One of his claims sticks out however. In a moment of carelessness, Milloy inadvertently made a statement that actually can be investigated, which allows us to examine the quality of his research. He tells us that,

"The UCS report was issued along with a statement - signed by 12 Nobel Prize winners - protesting the Bush administration's alleged 'misuse of science.' I suppose UCS' hoped the Nobel laureates would add gravitas to its silly report."

This comment caught my eye immediately because it was well known that the statement had been signed by 20 Nobel Laureates, not 12. Where, I wondered, did he get the figure of 12 from—a seemingly random number that had little resemblance to the actual one?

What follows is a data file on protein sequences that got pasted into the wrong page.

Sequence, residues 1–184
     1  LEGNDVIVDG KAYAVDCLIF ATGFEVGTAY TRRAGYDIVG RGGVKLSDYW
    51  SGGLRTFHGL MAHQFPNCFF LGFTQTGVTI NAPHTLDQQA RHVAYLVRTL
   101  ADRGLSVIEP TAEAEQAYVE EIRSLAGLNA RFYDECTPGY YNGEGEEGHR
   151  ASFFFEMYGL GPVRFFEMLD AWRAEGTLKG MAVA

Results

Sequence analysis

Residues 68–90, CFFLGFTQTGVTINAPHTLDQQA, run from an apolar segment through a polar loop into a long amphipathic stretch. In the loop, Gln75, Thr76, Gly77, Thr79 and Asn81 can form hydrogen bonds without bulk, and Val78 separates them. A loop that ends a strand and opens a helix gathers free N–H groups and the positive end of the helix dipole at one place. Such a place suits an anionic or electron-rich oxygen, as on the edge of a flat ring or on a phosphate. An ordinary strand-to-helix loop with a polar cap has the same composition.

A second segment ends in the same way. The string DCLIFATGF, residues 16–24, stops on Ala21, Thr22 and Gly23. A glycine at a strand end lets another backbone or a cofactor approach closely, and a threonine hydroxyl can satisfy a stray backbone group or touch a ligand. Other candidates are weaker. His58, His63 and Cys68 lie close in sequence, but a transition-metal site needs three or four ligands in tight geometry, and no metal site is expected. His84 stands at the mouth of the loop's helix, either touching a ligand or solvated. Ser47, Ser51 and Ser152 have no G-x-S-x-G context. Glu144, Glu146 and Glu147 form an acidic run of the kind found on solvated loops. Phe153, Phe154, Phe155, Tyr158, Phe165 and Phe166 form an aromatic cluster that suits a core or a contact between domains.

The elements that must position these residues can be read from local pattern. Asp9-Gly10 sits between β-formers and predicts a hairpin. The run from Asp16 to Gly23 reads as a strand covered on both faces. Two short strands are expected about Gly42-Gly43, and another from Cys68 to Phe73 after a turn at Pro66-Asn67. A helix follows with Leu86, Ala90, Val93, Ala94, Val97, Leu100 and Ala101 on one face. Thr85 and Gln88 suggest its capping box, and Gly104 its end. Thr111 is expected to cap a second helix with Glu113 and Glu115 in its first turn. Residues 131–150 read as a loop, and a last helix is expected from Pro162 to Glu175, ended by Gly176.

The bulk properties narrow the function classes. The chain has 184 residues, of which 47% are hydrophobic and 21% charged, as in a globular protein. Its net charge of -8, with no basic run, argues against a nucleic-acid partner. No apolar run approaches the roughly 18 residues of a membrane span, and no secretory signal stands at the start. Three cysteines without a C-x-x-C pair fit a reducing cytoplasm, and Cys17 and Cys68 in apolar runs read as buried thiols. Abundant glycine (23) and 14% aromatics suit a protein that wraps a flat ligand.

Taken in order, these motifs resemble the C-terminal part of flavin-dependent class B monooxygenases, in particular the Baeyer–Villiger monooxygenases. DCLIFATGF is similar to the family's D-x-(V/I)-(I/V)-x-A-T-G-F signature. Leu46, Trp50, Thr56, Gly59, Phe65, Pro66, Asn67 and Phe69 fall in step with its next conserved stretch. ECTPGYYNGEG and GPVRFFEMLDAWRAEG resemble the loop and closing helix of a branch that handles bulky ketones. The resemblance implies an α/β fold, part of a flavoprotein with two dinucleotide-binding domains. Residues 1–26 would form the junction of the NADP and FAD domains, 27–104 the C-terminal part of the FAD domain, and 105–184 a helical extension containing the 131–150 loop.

The release of the UCS report was accompanied by a press release, which can be read at their web site at, That press release revealed was followed at the bottom by a list of signatories that included 12 Nobel Laureates. Aha, I thought—this appears to be where Milloy got the figure of 12. However, the list began with a heading that read, "Among the statement signers are". Now to a careful reader, these words would imply that the list to follow was a partial one. Furthermore, it stands to reason that in addition to the press release, the UCS web site would also provide access to the full statement and report themselves, and that these would include a full list of signatories. A check of the same web page revealed a link to the full report, available at from where it can be read in part, or downloaded in full in PDF format. A check of this page reveals a link to a full list of signatories at This list had the expected 20 Nobel Laureate signatories.